She’s been a welfare officer in California, a community development worker in her home province of Newfoundland and Labrador, a single mum with more bills than bucks, and, not for nothing, a kick-ass CEO of a diversified clutch of companies that today generate between $20- and $50-million in annual revenues. What’s her formula for success? Go ahead, ask away. But can you handle the truth?
Anne Whelan could complain if she wanted to. She doesn’t want to. She could whine about one of the roughest runs of months in all her seven years as a business owner. She doesn’t whine. Still, it’s not in her nature to sugarcoat the truth about anything. And the truth of 2013 for St. John’s-based Seafair Capital (a holding company for diverse operations that involve everything from nursing to property management of which she is the president, CEO and sole shareholder), is, to say the least, inconvenient.
“Honestly,” she confesses, after a not-quite-imperceptible sigh, “this has been a very tough year.”
Trouble began brewing early when the Newfoundland and Labrador government, an established and valuable client, and her largest company, CareGivers Inc., failed to renew a customary arrangement between them. “Historically, our services (providing in-home, residential healthcare) on behalf of the Province have not been contracted,” Whelan explains. “It has been a feefor- service agreement. That dropped off significantly and somewhat unexpectedly last year. Meanwhile, the government put out a more formal request for proposals, which it didn’t actually award in the time frame that everybody expected. So, we were kind of left hanging.”
There were other vexations, too. Just as Seafair completed contract negotiations with its 500 unionized workers at CareGivers (virtually the entire payroll), penny-pinchers and budgetary hawks – again, mostly among public sector clientele – squeezed margins in the home-care work that remained. “The government did not give us the rate increase that we needed to even offset the wage increase that we had already committed to,” Whelan says. “So, that was a real kick in the teeth.”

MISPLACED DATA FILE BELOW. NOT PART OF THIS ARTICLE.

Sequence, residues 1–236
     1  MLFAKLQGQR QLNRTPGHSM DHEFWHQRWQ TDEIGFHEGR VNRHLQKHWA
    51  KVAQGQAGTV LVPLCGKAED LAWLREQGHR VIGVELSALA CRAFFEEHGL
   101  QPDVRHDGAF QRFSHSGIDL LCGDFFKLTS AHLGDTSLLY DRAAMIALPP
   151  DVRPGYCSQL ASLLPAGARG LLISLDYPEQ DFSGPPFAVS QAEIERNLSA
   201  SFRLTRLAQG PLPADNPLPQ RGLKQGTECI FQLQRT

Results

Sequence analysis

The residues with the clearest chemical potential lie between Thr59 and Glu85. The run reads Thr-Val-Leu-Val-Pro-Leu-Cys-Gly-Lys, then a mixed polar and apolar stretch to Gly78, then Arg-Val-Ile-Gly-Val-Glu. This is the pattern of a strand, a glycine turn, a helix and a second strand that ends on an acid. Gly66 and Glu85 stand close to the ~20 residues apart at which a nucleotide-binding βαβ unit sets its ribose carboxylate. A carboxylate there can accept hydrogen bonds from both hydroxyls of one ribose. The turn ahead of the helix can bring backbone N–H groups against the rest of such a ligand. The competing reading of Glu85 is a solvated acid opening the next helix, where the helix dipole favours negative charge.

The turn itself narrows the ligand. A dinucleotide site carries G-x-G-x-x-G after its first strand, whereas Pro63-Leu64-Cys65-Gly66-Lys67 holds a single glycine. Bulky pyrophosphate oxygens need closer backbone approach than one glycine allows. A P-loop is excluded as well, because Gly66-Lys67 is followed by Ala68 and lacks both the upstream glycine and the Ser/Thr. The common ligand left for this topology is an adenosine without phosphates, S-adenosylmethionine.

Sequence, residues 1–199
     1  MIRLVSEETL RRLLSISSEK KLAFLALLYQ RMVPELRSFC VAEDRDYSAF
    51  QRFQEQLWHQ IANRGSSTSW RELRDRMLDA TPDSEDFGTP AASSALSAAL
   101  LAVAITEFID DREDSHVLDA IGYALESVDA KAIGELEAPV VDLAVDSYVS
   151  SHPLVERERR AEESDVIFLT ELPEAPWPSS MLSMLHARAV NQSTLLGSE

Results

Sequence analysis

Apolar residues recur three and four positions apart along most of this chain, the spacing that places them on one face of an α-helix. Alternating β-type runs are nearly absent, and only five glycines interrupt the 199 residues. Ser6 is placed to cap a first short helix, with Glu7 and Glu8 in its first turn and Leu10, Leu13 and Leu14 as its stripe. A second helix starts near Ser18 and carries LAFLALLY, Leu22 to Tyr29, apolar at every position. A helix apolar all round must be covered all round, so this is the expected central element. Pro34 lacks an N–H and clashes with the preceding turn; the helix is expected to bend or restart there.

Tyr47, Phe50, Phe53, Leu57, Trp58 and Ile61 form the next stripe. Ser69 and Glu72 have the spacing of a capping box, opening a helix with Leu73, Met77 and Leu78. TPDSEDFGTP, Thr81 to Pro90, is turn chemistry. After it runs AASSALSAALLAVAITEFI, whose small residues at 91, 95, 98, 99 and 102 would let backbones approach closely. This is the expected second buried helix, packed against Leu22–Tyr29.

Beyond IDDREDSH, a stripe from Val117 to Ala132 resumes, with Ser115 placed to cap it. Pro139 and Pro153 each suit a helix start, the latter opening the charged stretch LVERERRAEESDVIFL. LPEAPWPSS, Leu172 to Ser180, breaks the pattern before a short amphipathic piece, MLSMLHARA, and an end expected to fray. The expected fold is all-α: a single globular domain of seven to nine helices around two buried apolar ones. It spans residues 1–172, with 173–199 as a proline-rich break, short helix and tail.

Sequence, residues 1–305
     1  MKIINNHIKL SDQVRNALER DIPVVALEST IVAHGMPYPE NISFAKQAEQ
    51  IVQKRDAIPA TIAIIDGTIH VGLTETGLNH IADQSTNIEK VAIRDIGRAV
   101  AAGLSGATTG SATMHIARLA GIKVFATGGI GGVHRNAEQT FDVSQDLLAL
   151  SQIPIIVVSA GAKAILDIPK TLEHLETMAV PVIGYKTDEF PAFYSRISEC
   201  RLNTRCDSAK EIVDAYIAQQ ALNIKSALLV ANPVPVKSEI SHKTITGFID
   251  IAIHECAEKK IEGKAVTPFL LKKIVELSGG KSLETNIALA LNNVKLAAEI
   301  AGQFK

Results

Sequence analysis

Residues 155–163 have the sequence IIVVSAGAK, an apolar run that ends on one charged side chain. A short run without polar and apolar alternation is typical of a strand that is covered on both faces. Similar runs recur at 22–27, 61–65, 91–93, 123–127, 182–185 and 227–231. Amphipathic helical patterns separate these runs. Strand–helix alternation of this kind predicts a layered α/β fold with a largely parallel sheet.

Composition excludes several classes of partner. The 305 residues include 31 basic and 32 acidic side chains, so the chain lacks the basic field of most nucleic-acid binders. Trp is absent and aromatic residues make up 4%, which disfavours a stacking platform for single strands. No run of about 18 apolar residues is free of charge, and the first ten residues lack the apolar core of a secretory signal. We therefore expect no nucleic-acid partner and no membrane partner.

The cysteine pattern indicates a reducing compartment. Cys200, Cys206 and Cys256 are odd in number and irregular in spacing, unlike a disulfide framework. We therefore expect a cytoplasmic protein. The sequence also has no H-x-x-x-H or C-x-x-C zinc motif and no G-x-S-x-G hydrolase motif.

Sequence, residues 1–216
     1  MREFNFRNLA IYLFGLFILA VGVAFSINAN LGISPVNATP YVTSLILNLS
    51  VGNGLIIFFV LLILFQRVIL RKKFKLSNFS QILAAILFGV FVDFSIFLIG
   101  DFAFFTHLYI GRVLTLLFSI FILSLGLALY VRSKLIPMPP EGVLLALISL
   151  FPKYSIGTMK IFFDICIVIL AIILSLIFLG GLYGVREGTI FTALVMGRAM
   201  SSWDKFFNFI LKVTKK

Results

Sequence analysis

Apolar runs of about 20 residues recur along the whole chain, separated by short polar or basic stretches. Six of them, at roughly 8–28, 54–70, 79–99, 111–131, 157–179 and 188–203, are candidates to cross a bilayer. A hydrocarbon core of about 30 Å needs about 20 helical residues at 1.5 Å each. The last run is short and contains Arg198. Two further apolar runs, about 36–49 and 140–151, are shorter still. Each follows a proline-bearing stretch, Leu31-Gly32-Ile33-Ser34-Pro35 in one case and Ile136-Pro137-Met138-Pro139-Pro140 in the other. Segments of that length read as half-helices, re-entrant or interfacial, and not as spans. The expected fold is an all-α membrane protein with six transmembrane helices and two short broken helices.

In the end, CareGivers – which represented 60 per cent of Seafair’s total $20-50-million in annual revenue – registered a 20 per cent slump in its own gross. The bottom-line effect was that a commercial clutch that had, as recently as 2010, posted a 25 per cent annual revenue bump, compared with the previous year, actually dipped into negative morass in 2013.
Says Whelan: “Our revenue growth on the combined group of companies dropped approximately seven per cent … It didn’t happen overnight, but by the end of the summer our year-overyear revenues were down to the point that we had to take serious action to avoid a financial disaster.”
And yet, now in March 2014, sitting in her office in St. John’s, where a fresh 10 centimeters of late-winter snow covers the port city like a tarp, she’s not complaining. She’s not whining. She is merely reflecting, in the way that successful CEOs do when they’ve been tempered and forged by fire.